Nav: Home

COVID-19 pandemic may exacerbate childhood obesity

April 03, 2020

Public health scientists predict that school closures due to the COVID-19 pandemic will exacerbate the epidemic of childhood obesity in the United States. Andrew Rundle, DrPH, associate professor of epidemiology at Columbia University Mailman School of Public Health, and colleagues expect that COVID-19-related school closures will double out?of?school time this year for many children in the U.S. and will exacerbate risk factors for weight gain associated with summer recess.

The Perspective article appears in Obesity, the journal of the Obesity Society.

In many areas of the U.S., the COVID?19 pandemic has closed schools and some of these school systems are not expected to re?open this school year. The experiences in Hong Kong, Taiwan, and Singapore suggest that social distancing orders if lifted after short periods will have to be periodically re?instated to control COVID?19 flare-ups.

While much has been written about poor food and lack of physical activity in schools, the data show that children experience unhealthy weight gain primarily during the summer months when they are out of school. Unhealthy weight gain over the summer school recess is particularly apparent for Hispanic and African-American youth, and children who are already overweight.

"There could be long-term consequences for weight gained while children are out of school during the COVID-19 pandemic," says Rundle, who specializes in research to prevent childhood obesity. "Research shows that weight gained over the summer months is maintained during the school year and accrues summer to summer. When a child experiences obesity, even at a young age, they are at risk for higher, unhealthy weight, all the way into middle age."

Staying at Home During the Pandemic May Contribute to Obesity

As households stock up on shelf-stable foods, they appear to be purchasing ultra-processed, calorie-dense comfort foods. In regards to physical activity, social distancing and stay at home orders reduce the opportunities for exercise, particularly for children in urban areas living in small apartments. Sedentary activities and screen time are expected to expand under social distancing orders; available data show that online video game usage is already soaring. Screen time is associated with experiencing overweight/obesity in childhood, likely because of the dual issues of sedentary time and the association between screen time and snacking.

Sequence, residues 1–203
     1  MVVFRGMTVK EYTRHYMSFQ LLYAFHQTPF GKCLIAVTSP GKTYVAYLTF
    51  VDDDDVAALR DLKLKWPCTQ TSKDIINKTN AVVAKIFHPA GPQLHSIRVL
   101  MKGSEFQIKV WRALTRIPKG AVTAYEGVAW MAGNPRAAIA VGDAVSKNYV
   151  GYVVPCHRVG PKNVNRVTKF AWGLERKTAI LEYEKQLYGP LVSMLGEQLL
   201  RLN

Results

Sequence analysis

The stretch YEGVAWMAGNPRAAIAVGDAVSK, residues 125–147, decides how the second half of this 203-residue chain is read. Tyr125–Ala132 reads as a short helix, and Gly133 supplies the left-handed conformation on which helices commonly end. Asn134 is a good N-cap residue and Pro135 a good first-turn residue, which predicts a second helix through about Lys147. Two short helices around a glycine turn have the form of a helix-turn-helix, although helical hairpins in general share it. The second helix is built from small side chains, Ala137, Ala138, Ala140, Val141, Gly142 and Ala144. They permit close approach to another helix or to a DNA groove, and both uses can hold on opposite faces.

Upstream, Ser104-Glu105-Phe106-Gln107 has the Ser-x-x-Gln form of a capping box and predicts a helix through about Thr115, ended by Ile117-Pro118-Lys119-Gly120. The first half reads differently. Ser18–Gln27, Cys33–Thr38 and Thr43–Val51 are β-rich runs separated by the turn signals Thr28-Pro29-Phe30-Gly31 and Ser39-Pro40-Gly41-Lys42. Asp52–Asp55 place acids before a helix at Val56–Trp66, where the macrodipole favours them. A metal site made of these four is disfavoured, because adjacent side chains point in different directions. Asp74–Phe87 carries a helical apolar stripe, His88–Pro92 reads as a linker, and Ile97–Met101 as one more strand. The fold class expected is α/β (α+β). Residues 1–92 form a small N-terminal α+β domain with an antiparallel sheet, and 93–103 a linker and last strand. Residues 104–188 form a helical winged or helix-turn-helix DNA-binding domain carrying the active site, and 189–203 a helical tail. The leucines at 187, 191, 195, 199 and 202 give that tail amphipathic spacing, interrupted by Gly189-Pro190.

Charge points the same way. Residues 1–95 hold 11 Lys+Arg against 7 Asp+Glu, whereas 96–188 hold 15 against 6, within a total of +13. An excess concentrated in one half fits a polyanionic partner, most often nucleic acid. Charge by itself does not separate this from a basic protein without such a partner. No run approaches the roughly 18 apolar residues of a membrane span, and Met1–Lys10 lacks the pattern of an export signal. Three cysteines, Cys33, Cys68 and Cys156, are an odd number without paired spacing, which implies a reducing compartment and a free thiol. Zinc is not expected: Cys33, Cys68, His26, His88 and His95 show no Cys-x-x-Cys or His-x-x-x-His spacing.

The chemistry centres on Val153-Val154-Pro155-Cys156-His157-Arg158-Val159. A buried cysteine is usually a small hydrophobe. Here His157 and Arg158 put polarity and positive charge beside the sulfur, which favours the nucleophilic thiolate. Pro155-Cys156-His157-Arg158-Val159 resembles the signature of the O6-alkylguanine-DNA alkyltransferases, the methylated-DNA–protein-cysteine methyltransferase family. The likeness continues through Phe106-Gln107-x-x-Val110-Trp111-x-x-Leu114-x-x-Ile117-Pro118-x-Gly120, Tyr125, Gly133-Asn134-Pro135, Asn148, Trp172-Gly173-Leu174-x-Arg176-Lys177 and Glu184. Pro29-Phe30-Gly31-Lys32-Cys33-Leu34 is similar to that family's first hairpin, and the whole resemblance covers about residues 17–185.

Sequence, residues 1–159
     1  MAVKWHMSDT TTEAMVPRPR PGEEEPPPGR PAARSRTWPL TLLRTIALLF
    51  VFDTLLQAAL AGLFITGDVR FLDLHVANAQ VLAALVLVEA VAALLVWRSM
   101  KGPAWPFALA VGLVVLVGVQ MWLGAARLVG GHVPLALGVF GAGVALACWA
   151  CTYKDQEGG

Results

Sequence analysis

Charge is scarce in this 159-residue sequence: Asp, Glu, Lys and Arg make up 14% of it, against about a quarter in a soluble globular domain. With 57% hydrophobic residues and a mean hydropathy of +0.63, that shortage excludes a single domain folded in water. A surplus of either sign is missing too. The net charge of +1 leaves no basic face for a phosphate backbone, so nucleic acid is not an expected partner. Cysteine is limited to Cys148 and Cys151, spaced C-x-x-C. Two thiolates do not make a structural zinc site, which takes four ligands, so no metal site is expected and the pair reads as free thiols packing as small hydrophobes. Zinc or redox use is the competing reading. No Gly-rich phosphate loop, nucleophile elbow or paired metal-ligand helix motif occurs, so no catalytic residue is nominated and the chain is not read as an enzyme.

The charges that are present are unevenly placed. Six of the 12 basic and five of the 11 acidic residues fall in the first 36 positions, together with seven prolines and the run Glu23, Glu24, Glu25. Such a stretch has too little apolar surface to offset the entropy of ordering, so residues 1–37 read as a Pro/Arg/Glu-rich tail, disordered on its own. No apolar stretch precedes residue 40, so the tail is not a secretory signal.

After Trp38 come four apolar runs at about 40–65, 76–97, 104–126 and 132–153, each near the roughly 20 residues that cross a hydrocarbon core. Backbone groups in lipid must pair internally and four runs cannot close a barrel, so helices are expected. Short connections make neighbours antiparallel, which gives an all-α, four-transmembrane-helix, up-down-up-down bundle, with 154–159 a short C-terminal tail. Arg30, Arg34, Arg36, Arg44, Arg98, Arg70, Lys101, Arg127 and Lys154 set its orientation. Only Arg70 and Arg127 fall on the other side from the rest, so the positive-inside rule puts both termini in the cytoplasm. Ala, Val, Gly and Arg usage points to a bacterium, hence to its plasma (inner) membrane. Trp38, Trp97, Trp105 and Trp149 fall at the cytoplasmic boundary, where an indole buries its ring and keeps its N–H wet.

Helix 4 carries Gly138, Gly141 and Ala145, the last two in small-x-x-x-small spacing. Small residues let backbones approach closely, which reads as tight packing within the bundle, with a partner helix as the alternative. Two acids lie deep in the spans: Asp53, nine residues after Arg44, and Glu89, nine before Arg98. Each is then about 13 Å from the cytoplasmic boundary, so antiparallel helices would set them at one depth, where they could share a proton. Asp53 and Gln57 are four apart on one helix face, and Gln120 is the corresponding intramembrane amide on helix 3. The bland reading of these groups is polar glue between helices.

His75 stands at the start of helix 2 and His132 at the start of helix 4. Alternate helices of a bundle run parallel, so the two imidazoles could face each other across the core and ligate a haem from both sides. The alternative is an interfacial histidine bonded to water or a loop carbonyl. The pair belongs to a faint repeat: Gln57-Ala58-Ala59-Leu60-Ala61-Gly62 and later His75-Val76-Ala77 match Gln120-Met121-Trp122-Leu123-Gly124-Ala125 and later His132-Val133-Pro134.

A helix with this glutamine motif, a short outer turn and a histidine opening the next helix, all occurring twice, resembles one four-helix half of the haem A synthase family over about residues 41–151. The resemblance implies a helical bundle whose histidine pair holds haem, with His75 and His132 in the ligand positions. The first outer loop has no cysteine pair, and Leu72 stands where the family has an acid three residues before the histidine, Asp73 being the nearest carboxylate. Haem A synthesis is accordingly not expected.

How to Prevent Childhood Obesity During the Pandemic

The authors present several interventions for reducing risk factors for unhealthy weight gain during the school closures:
  • Some school districts are offering students grab-and-go meals at school sites or via buses running along their regular pick-up routes. Research shows that food insecurity is associated with unhealthy weight among children, and addressing food insecurity will likely have long term benefits for child health.
  • Farmers markets, which often provide specialty and ethnic produce and prepared foods valued by immigrant communities. As such, cities and states should consider them as part of essential food services, but also create social distancing plans for such markets.
  • As schools build their remote teaching capacity, they should make physical education a priority, with home lesson plans for physical activity and/or streaming exercise classes.
"The COVID?19 pandemic is responsible for widespread sickness and death, straining healthcare systems, shutting down economies, and closing school districts," says Rundle. "While it is a priority to mitigate its immediate impact, it is important to consider ways to prevent its long-term effects, including new risks for childhood obesity."
-end-
The study's co-authors are Yoosun Park, Smith College School for Social Work; Julie B. Herbstman and Eliza W. Kinsey, Columbia Mailman School; and Y. Claire Wang, New York Academy of Medicine. Support for the research was provided by the National Institutes of Health (OD023290, HD101657, HL141427).

Columbia University's Mailman School of Public Health

Related Obesity Articles:

Changing the debate around obesity